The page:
How can we prevent terrorists from acquiring radiological material within the United States? How can we prevent terrorist from bringing radiological material into the United States? Are our current safeguards adequate enough?

       United States can prevent terrorists from acquiring radiological material through enacting laws through congress. The laws will prohibit any possession of radiological materials and put punitive measures for those found in possession. Moreover, the laws should also prohibit people working on radiological areas from handling the materials inside the premise. In addition, the laws should prohibit any transportation of such materials without licence or permit. Moreover, the congress can enact acts that put in place a special committee in charge of all radiological materials and regulation to prevent general public from acquiring them. In addition, any accidental scene that may expose radiological materials can be guarded to prevent terrorists from accessing radiological materials.

       All importation and entry of materials from other countries should be screened from radiological materials to prevent terrorists from transporting materials to the country. The united states have various regulatory bodies such as nuclear regulatory commission, (NRC) and environmental protection agency, (EPA) that are mandated with regulation of radiological materials (Kapur & Smith, 2011). However, the current safety of United States on radiological materials is not adequate because federal government only exercises regulation of radiological materials to only countries that they do not have trade agreement. This poses a risk of importation of radiological materials from the countries on agreement thus resulting to access of the materials by terrorists that may harm the citizens.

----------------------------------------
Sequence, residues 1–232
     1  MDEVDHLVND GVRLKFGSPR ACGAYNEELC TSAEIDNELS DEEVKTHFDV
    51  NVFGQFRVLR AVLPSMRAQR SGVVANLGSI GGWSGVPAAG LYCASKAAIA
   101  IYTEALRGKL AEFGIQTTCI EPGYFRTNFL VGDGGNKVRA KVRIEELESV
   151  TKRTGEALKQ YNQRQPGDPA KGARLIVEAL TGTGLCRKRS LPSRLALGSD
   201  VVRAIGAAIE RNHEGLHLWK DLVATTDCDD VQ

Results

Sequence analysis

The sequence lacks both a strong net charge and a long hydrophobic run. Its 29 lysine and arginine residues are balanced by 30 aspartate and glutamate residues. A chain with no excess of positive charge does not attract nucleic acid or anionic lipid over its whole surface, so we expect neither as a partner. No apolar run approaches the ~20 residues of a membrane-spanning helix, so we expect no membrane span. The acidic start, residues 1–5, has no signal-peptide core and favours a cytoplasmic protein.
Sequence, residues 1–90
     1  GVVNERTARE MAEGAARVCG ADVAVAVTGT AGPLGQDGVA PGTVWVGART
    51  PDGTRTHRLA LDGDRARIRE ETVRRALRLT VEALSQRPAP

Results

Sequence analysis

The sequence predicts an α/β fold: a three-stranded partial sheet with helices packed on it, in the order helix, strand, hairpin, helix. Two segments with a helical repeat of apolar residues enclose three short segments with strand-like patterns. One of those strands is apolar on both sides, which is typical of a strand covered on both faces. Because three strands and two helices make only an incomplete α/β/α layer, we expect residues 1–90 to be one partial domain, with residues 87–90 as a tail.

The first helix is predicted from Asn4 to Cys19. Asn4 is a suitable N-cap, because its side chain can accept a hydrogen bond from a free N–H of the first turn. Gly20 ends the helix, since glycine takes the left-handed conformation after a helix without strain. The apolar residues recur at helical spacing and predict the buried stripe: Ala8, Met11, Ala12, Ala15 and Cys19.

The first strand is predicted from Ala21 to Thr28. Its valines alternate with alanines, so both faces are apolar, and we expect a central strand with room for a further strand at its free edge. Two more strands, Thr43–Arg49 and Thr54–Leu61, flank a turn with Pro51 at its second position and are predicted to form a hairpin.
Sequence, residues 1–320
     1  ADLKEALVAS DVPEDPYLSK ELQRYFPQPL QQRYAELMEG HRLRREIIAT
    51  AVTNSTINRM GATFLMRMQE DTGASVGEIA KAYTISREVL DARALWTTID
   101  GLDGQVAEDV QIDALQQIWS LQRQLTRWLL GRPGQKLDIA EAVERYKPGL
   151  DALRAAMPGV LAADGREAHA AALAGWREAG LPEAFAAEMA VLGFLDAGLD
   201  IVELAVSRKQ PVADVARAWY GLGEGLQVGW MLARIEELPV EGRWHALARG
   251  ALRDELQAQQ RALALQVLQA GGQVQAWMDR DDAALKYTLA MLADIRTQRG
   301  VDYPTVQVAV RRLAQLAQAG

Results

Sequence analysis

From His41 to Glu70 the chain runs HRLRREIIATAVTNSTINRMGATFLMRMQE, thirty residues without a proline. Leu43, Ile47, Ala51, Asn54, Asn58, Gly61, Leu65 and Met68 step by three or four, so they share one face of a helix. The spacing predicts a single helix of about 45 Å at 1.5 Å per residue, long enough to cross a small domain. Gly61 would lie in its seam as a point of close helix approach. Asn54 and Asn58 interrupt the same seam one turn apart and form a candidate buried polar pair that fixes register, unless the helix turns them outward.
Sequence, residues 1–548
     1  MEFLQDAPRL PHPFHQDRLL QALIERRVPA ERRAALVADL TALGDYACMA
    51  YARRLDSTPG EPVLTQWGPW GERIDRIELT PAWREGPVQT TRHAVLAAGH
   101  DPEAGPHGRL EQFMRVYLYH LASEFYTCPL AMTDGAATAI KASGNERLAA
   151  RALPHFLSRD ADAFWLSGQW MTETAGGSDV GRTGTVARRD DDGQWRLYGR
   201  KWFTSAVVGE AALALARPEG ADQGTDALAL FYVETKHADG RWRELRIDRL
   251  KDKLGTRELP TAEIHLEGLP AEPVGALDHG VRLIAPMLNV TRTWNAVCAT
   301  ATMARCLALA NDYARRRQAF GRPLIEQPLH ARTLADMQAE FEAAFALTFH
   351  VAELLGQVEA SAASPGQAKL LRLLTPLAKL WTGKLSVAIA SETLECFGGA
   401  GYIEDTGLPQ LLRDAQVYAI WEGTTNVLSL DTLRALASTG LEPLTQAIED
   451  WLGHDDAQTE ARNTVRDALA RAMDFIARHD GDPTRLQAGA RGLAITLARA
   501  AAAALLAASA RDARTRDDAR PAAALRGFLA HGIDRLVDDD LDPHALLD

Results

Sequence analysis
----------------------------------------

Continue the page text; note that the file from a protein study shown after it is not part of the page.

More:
Moreover, the transportation of radioactive wastes from hospitals and other area to disposal areas is not secure, which poses the risk of terrorists acquiring the materials during transit.

       How could first responders even know that an explosion was associated with a radiological attack? Once first responders know that an incident involves radiological material, are there any sorts of special equipment or personal protective gear that they would need to wear into the affected site

       The first responders can identify an explosion through devices such as Geiger counters, which are detect the dose rate of an attack in addition to other equipments that can measure the intensity and harm of the material (Issues in critical and emergency medicine, 2012). The equipments will help the first responders to identify the form, attack so that he or she may be able to take the appropriate measures to safeguard his health and life and that of other people. Moreover, in case of accidental spill-out, the first responders should investigate the cause of the accident before starting the rescue process so as to identify the cause. Most likely hood is that, an explosion in a radioactive company or hospital that are major sources of radioactive materials may have high probability of radioactive materials compared to those that may happen in other areas. Therefore, it is important to identify the area where the explosion has happened as a way of identifying the type of explosion. Since radioactive materials spread very easily in the environment, it is important that first responder should wear protective equipments such as respiratory protection from radiological hazards to prevent any inhalations and standard protective clothes that prevents one from direct contact with radiological materials. This will ensure that first responders are safe from radioactive materials and are able to use the right measures to attend the victims.

       How would first responders decontaminate suspected contaminated individuals leaving the area? Could this slow emergency medical response or the transport of the injured to neighbouring hospitals.